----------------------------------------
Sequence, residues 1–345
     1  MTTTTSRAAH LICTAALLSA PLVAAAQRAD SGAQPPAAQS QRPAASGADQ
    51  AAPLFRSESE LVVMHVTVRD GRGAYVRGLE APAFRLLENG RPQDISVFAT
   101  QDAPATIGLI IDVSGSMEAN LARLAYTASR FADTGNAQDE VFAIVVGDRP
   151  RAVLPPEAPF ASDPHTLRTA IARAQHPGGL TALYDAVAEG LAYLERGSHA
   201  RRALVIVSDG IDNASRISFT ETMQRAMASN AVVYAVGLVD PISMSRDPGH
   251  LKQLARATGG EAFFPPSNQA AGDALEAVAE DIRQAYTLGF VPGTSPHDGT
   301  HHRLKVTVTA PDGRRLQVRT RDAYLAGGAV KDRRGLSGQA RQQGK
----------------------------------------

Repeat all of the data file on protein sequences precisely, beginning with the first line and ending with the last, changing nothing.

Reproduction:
Sequence, residues 1–345
     1  MTTTTSRAAH LICTAALLSA PLVAAAQRAD SGAQPPAAQS QRPAASGADQ
    51  AAPLFRSESE LVVMHVTVRD GRGAYVRGLE APAFRLLENG RPQDISVFAT
   101  QDAPATIGLI IDVSGSMEAN LARLAYTASR FADTGNAQDE VFAIVVGDRP
   151  RAVLPPEAPF ASDPHTLRTA IARAQHPGGL TALYDAVAEG LAYLERGSHA
   201  RRALVIVSDG IDNASRISFT ETMQRAMASN AVVYAVGLVD PISMSRDPGH
   251  LKQLARATGG EAFFPPSNQA AGDALEAVAE DIRQAYTLGF VPGTSPHDGT
   301  HHRLKVTVTA PDGRRLQVRT RDAYLAGGAV KDRRGLSGQA RQQGK